We have signals for so much - that even humans use to sort/score what is real/what isn't. An AI would be able to do much of this based on social graphs and understanding of sources, targets, links, attributions and so much more.

For me, the scary thing isn't using AI to filter known lies, the scary thing is that we have AI that can do this but don't do anything because we have let the value of fake news be worth more than the value of standing for truth.


What media organization on this planet doesn't make decisions about what users should and shouldn't see? Breitbart does it, The New York Times does it, your local news channels do it.

Google as a news broker is literally just showing you what Google wants to show you. I don't know why you'd think they wouldn't have a bias, or filter their output based on it. All media does.


None of those is a fraction as powerful as Google, which is an $800 billion goliath with multiple hyper entrenched monopolies. Those monopolies entirely change the equation and expectations.

Search, Android, YouTube. All three of those are either monopolies or close to it. YouTube by itself is worth a solid 20 times what the NY Times is.

Breitbart is maybe worth $100m, a top 100 US Web site with a couple million readers.

The NY Times is a $3.6b business, with maybe 10x the daily readership of Breitbart (and a much more lucrative readership of course).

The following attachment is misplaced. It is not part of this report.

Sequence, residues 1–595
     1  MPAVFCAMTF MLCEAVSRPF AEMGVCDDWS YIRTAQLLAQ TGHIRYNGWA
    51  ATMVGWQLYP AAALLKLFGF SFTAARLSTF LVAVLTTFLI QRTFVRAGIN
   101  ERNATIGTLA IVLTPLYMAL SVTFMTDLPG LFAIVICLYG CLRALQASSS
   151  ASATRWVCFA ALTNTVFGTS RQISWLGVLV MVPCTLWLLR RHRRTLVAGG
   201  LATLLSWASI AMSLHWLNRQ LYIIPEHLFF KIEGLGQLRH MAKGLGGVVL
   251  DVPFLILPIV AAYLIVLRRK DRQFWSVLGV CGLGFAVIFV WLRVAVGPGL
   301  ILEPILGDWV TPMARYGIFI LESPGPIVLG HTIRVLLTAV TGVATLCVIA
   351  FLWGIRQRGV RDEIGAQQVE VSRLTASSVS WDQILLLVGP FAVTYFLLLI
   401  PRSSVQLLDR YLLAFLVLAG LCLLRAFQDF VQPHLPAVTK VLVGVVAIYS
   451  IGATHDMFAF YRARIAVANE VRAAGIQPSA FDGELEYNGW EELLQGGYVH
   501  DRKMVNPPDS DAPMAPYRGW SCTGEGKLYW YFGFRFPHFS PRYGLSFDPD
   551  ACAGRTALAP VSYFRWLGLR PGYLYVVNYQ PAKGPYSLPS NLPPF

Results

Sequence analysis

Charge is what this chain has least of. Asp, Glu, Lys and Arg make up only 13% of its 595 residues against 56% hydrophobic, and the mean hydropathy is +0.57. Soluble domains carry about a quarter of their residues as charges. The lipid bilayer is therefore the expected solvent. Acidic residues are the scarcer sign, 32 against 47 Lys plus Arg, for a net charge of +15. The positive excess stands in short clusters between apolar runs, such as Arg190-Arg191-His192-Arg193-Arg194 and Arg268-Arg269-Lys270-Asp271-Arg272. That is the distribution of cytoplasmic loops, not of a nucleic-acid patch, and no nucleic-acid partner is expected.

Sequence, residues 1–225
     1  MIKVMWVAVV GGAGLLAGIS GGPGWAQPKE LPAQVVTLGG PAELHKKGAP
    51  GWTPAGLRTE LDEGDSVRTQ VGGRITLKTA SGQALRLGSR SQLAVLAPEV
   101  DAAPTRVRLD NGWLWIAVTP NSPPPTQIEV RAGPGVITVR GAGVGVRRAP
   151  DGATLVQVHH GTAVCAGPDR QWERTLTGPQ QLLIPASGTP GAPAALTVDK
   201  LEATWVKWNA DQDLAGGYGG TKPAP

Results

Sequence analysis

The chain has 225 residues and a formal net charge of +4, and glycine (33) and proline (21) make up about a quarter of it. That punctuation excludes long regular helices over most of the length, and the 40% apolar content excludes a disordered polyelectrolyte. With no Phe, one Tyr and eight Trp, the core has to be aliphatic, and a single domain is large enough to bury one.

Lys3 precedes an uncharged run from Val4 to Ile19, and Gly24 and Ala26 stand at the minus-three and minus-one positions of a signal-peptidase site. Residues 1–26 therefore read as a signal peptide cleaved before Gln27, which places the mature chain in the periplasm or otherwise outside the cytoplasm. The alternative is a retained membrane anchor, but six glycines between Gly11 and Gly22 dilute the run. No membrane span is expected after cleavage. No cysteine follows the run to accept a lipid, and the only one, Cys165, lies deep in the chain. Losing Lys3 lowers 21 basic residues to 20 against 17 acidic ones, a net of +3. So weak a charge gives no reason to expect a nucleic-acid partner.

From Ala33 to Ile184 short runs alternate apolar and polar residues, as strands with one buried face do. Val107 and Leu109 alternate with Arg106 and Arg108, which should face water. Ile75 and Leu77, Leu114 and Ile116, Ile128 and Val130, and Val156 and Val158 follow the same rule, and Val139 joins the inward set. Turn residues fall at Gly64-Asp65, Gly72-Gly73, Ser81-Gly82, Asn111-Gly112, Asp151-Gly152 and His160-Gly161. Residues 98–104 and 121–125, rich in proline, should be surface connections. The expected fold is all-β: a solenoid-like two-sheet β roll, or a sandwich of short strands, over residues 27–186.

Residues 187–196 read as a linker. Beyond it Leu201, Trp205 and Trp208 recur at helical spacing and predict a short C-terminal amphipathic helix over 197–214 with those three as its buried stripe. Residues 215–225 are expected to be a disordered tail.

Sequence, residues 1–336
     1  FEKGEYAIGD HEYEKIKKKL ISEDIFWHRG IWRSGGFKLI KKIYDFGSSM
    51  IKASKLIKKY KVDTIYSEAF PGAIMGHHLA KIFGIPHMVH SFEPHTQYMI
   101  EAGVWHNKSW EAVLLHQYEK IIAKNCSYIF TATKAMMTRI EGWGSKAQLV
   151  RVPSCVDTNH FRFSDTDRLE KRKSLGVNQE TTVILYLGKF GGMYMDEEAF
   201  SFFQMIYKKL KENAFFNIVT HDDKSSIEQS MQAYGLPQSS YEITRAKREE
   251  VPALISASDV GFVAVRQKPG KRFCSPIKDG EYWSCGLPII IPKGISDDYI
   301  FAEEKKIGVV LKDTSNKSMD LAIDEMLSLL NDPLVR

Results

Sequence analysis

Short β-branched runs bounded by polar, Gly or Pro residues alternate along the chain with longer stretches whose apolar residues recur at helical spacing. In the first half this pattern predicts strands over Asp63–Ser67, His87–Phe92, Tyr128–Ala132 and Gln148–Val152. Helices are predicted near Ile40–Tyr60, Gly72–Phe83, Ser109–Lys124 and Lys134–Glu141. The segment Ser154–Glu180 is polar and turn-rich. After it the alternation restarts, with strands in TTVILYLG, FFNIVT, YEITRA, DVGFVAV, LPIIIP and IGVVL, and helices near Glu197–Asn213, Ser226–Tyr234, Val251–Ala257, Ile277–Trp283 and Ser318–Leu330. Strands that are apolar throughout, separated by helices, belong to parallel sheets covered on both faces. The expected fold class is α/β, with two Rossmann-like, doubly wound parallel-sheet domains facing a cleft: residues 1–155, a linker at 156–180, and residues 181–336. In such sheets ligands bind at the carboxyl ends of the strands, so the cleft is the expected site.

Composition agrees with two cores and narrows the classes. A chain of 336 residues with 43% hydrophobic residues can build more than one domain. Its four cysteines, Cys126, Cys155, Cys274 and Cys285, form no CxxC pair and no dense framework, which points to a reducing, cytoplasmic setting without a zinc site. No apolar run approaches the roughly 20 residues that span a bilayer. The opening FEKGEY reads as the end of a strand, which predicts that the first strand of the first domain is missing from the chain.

If those two want to duke it out with each other, fine. Just like with Fox or MSNBC. None of them possess monopoly positions, much less in extraordinarily large, critical information pathways, as with search, YouTube and Android.

If Microsoft had acted in 1999-2000, during its peak Windows monopoly power, to use the desktop + IE in some manner to try to throw the Bush v Gore election in favor of Bush, the Democrats would have more than lost their minds over that. It would have been considered an extraordinary abuse of monopoly power by Microsoft. Google is going to soon find out they've unleashed a political genie that is never going back into the bottle.


Where'd you get that number? Google made 109 billion last year, not 800. Alphabet made 110 billion. Amazon made 177 billion.

In comparison, Facebook made just 40 billion in revenue, but more people get their news from Facebook today than anywhere else. So really it's Facebook that's let the genie out, and they didn't need to be the wealthiest corporation or a monopoly to do it.

These are large corporations made up of lots of people and represent a wide array of shareholders' concerns. But individual billionaires also own media companies, and thus can have greater personal influence on what is expressed through those companies. https://www.forbes.com/sites/katevinton/2016/06/01/these-15-...


It does bother me that they never acknowledge the more knowledgeable and informed trump voters.

To think they don’t exist is almost as ignorant as the people they’re referring to.


Interestingly, Credit Rating is one of the strongest predictors of voting Republican


I don't think it's surprising that there's little relevance between somebody's financial wellbeing/decision-making and their tendency to believe misleading or false news that concerns political identity/ideology.